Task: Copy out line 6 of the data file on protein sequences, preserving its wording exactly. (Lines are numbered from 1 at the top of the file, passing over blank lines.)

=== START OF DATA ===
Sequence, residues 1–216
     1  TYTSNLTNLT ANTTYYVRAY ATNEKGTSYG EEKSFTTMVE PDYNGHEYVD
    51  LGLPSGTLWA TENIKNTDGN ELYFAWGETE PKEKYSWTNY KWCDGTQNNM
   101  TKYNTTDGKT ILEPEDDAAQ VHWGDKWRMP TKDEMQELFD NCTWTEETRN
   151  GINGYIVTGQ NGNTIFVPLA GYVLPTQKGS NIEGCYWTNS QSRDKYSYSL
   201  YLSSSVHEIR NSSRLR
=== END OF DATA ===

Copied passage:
   201  YLSSSVHEIR NSSRLR